FDA Fails to Protect Public From Defective Heart Device

In today’s society, Americans rely on certain institutions to keep us safe from harm. From protein powder to medical devices, regulatory agencies are in charge of ensuring all products conform to a set of safety and health standards that prevent the threat of undue harm. When agencies fail in their obligation, product liability attorneys are often called to investigate the evidence and determine if litigation is appropriate.

Of these regulatory agencies, perhaps none is as well known and trusted as the federal Food and Drug Administration (FDA). In a recent article by investigative journalism site ProPublica, it was reported that the FDA knew about a faulty heart pump device, the HeartWare Ventricular Assist Device (HVAD), but failed to take the action necessary to prompt the device manufacturer to make necessary improvements.

The article goes on to explain that it was the FDA, not Heartware, that ultimately failed the public. By relying on the device manufacturer to fix the problem themselves, the FDA was actually the one perpetuating a disregard for product liability laws and the greater public good.

New Jersey’s Product Liability Laws

At the state level, New Jersey is like many other states in that it has enacted legislation that provides guidance for residents on when they can and cannot pursue legal action to recover compensation for damages in product liability court.  Specifically, the New Jersey Product Liability Act outlines three categories under which victims can make an allegation of negligence: Defective design, defective manufacturing, and defective marketing (i.e. failure to warn).

As the ProPublica piece notes that the HVAD device was implanted into more than 19,000 patients, it stands to reason that some of these patients were New Jersey residents. Reviewing the framework of the New Jersey Product Liability Act, it becomes apparent that victims in New Jersey are likely able to make a product liability lawsuit case based on all three possible allegations.

If you have been injured by a consumer product, consulting with an experienced product liability attorney is always the best course of action. The following is a general idea of how each type of allegation would look in regards to the HVAD device and the FDA’s failure to intervene.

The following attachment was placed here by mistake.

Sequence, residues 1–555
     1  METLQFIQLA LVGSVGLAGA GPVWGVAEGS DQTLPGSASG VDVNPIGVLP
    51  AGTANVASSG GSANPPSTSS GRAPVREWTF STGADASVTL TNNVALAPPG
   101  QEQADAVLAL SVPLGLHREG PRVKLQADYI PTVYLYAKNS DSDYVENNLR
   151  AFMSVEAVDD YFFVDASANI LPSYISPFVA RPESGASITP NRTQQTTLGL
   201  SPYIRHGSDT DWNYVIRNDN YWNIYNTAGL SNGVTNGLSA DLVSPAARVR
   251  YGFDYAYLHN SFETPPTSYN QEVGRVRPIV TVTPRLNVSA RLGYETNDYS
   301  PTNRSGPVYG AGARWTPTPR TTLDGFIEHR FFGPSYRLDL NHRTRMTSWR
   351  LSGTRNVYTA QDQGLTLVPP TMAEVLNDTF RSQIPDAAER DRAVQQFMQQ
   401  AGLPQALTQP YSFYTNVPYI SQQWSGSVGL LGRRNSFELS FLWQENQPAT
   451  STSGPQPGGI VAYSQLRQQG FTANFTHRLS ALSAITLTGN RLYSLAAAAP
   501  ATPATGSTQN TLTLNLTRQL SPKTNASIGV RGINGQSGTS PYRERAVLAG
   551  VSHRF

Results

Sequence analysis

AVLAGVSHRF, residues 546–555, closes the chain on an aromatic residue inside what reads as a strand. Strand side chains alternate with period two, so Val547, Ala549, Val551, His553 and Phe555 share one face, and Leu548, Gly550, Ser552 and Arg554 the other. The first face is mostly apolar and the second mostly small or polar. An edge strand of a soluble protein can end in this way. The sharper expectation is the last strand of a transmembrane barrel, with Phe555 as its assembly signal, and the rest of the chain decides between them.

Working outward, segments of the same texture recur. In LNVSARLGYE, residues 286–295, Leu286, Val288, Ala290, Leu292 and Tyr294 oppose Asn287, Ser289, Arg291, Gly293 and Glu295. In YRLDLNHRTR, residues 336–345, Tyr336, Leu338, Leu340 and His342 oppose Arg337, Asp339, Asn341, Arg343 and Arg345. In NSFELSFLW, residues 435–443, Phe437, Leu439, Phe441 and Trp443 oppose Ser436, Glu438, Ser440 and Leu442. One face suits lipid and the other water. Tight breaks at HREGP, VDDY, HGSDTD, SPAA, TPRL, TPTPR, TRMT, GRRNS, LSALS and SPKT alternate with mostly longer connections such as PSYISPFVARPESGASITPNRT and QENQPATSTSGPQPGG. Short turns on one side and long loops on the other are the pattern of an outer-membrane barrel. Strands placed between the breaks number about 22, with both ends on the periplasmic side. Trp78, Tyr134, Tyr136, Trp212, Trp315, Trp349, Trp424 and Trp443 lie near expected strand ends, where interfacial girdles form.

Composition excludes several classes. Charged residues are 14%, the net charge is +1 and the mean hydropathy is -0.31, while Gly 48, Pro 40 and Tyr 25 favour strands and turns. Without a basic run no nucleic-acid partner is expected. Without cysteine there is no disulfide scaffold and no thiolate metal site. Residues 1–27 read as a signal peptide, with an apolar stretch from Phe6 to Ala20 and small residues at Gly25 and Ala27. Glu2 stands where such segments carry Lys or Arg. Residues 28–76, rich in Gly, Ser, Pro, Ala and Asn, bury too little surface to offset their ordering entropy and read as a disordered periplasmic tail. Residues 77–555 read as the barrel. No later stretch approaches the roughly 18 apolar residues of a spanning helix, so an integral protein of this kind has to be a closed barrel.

Defective Design

To allege defective design, a plaintiff must show that HeartWare failed to use reasonable care in the design of their device, and that design improvement could have been made. While this is the designer’s responsibility, when regulatory agencies fail to force these designers to make the changes on life-altering devices, these agencies may be held liable, as well.

Defective Manufacturing

The plaintiff must show that the product was carelessly assembled regardless of design. While this claim may be harder to show on your own, in collaboration with a product liability attorney it may be possible to determine if manufacturing deficits, separate from design flaws, played a role in harming victims.

Defective Marketing/Failure to Warn

Here is where a good deal of evidence can be put together to show that HeartWare and the FDA failed to properly warn patients about the risks involved in the device. Without proper guidance and warning, patients may have unwittingly submitted themselves to a risky procedure and a permanently implanted device.

When to Contact an Attorney

For years, the attorneys at Ferrara & Gable have been helping victims in New Jersey who have been harmed by faulty and defective products. If you or someone you know has been impacted by a faulty HeartWare device or any faulty product, contact Ferrara & Gable today to explore your options.